Weekly Links & Thoughts #121

Here is this week’s edition of meshedsociety.com weekly, loaded with thoughtful opinion pieces, interesting analyses and significant yet under-reported information bits from the digital and technology world. Published and annotated every Thursday (CET), just in time so you have something good to read over the weekend.

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Reading time indicator: 1 = up to 3 minutes, 2 = 3 to 10 minutes, 3 = more than 10 minutes

  • If we’re living in a simulation, this UK startup probably built it (wired.co.uk, 3)
    The British startup Improbable is developing a platform for sophisticated large-scale simulations, available for external developers who want to build their models on it. I’ve written about my interest in real world simulations in an older post. I’m really curious to see what Improbable will come up with.
  • Donald Trump, Our A.I. President (nytimes.com, 2)
    Fascinating thought: Donald Trump’s unpredictability as President resembles how an artificial intelligence would act – purely relying on day-to-day data-driven decisions, without any attempts to try to appear consistent and coherent.
  • Inside Russia’s Social Media War on America (time.com, 3)
    The U.S. invented the Internet and U.S. companies took the lead in building global platforms on top of the Internet. Then came Russia and took the lead in leveraging these very platforms to shape the world in its interest. In hindsight, it’s an astonishing story for future history books.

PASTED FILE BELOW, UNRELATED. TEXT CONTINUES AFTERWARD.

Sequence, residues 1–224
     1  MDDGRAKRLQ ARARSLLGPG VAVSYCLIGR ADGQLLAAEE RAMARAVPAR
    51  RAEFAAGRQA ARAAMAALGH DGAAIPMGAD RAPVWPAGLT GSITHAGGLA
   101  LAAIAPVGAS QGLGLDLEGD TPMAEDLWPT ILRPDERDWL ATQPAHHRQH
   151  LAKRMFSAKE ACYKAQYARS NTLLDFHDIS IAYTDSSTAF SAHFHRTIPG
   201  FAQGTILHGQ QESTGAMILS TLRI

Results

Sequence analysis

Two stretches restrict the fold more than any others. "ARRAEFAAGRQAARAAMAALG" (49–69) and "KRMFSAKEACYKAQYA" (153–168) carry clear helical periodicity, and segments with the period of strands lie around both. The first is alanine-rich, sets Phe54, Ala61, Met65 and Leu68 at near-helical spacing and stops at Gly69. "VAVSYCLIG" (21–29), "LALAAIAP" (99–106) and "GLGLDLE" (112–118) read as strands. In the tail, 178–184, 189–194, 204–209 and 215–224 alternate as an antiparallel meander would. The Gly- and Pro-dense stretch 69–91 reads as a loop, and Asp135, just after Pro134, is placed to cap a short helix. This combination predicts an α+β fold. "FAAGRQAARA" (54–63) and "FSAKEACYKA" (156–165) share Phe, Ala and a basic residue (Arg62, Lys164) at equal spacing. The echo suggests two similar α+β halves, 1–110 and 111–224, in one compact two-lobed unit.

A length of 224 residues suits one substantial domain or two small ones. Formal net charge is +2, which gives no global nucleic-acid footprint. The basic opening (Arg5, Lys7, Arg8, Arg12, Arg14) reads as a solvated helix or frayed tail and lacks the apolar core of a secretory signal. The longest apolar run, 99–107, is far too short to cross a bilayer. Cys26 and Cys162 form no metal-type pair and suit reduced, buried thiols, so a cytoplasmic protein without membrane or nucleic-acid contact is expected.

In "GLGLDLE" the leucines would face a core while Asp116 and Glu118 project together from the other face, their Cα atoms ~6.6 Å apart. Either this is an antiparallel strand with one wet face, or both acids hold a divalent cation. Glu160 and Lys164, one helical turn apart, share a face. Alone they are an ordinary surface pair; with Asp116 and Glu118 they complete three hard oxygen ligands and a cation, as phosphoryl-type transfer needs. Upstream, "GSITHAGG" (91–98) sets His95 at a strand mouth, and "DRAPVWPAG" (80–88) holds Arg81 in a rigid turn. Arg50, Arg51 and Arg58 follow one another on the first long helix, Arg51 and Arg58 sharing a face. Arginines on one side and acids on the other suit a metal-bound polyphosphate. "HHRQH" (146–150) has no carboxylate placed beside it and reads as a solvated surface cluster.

• As we may read: From print to digital and back to print (craigmod.com, 2)
    Speaking about books: Apparently there is a revival of print books and a stop in growth for ebooks. I would be surprised if this turns out to be more than a temporary trend though. However, it might take several generations for the print book to disappear as part of mainstream media.
  • Most people prefer friendly robots — but not in France and Japan (recode.com, 2)
    Cultural differences are one of the most wonderful things to investigate. According to a survey, the vast majority of Americans wants friendly robots. But in France, an equal percentage of survey respondents — 37 percent — prefers friendly and formal bots. Also France is the country where the largest number of people (even if only 8 percent) want a “hip” robot personality. In Japan, 51 percent want a formal robot, and only 20 percent a friendly one.
  • How Safe Will Autonomous Vehicles Need To Be? (hunterwalk.com, 1)
    There had been 35,092 automotive deaths in the U.S. in the year 2015. Hunter Walk asks if that means that the target number for autonomous vehicles has to be equal or below that in order to be accepted by society? Obviously, the answer is very complicated.
  • Bots will soon be able to borrow our identities (venturebeat.com, 2)
    Often when I have lengthy chat sessions with people, I pay attention to their different communication styles and ways of responding. Some patterns are always reoccurring. When human communication is reduced to just written words, it’s probably not too complicated to create bots that are able to imitate anyone’s personality. Actually I wrote a post titled “Twitter makes humans look like bots” about this topic about a year ago.